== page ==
Middlebury College Museum of Art

Scylla about to Hurl a Rock

March 1, 2018

Scylla about to Hurl a Rock, Etruscan, c. 4th century B.C.E., cast bronze, H.: 2 1/8 inches. Gift (by exchange) of Wilson Farnsworth, George Mead, and Henry Sheldon, 2015.251.

This small Etruscan bronze depicts Scylla, the mythical marine monster that is part female and part fantastic animal. Scylla features ferociously in Homer’s Odyssey, when she snatches six of Odysseus’ men from his ship and devours them. Her name is invoked to this day in the expression “between Scylla and Charybdis,” meaning “between a rock and a hard place.”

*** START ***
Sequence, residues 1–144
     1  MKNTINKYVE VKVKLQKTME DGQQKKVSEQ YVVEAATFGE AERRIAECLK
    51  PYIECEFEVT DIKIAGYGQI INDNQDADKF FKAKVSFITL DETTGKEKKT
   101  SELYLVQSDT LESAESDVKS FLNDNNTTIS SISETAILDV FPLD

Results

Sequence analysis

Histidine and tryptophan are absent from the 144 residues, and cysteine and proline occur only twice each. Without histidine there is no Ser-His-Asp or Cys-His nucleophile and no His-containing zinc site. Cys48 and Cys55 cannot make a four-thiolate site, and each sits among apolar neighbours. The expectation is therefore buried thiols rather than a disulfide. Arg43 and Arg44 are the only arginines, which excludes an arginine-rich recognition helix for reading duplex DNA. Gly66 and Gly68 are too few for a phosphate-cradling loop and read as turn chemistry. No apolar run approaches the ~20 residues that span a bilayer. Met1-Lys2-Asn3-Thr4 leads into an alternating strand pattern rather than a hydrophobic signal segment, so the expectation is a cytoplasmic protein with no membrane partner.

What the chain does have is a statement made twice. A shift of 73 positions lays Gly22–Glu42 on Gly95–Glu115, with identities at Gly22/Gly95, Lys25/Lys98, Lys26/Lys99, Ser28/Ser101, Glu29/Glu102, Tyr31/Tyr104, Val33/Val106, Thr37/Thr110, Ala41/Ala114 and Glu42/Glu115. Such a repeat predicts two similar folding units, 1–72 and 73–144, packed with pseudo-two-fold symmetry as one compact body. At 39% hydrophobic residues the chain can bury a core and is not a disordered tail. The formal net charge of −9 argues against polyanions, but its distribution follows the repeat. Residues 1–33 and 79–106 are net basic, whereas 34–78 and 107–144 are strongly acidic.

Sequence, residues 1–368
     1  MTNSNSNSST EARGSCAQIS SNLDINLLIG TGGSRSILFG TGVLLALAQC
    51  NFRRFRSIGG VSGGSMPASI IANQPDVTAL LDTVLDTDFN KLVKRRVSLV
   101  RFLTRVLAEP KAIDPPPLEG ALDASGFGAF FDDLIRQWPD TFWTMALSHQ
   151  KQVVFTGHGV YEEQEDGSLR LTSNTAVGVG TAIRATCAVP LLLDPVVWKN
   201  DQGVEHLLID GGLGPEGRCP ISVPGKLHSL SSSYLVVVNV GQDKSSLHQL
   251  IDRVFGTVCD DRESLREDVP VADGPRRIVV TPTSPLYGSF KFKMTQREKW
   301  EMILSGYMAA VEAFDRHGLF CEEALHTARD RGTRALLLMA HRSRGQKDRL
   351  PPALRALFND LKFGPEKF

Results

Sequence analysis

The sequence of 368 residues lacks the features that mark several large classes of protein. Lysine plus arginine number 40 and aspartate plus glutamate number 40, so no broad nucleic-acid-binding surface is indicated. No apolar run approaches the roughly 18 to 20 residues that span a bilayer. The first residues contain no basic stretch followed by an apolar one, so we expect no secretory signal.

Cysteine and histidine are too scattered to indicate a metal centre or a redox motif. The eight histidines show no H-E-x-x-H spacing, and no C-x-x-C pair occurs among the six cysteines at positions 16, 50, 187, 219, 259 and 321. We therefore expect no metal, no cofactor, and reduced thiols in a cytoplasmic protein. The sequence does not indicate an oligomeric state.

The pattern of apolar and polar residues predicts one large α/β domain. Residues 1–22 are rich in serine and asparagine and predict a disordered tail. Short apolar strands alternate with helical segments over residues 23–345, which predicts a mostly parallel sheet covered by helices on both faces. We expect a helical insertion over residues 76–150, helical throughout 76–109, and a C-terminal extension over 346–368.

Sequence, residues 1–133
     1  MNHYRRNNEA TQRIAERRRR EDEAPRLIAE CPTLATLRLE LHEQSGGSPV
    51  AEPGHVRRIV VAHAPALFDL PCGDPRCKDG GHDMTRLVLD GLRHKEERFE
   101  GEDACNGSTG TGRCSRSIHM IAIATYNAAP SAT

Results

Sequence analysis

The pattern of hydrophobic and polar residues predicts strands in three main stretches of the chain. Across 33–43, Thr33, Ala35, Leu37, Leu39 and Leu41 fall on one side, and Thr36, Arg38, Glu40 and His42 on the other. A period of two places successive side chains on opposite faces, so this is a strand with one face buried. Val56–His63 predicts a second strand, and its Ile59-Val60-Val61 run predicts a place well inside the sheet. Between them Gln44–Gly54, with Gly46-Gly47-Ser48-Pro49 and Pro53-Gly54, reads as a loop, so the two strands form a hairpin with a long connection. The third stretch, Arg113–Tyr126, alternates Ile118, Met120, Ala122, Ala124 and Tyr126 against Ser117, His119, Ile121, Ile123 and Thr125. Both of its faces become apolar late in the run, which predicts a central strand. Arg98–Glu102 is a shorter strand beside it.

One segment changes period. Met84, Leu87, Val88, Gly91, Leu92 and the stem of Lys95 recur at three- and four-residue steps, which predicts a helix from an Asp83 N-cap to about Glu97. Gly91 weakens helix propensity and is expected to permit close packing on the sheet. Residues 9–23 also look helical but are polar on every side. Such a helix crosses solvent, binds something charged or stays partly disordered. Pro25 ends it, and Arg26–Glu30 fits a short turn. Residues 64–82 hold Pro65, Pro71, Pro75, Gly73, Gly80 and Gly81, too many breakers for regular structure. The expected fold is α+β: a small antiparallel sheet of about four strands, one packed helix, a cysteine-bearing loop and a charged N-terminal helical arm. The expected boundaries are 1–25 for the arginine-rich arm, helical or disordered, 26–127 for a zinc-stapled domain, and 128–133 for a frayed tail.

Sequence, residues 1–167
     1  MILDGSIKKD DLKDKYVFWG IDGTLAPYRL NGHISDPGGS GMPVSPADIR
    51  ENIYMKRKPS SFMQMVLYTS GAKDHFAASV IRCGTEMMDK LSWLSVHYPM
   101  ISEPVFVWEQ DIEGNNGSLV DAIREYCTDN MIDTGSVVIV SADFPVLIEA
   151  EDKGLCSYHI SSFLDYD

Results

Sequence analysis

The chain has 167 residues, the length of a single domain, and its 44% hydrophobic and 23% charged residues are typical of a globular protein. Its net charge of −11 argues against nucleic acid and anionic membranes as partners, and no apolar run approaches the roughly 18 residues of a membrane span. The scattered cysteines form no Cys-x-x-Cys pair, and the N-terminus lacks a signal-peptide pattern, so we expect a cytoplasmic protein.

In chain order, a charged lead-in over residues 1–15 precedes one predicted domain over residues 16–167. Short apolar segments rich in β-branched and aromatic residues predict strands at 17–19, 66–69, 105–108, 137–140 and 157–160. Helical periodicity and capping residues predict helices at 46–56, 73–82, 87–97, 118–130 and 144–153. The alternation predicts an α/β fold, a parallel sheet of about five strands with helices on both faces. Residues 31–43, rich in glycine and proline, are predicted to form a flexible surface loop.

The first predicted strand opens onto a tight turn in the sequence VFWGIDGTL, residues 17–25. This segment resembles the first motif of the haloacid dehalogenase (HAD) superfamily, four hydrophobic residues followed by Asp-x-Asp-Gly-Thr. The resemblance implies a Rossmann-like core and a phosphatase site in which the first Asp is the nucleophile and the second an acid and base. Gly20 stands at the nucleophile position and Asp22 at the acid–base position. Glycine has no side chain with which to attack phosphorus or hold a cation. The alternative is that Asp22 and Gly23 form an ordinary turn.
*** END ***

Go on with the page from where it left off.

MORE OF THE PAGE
Since Scylla is Greek in origin and appears here in an Etruscan context, this statuette manifests a link between the Greek and Etruscan civilizations. Moreover, it depicts a mythological figure associated with a specific geographical location between Greece and Etruria: the Straits of Messina, the narrows separating Sicily from the Italian mainland.

This solid-cast sculpture probably formed the finial of a cista, a tall Etruscan bronze box that held cosmetics and that was closed off by means of a domed lid.

Pieter Broucke
Professor of History of Art and Architecture
Associate Curator of Ancient Art

Etruscan scylla about to hurl a rock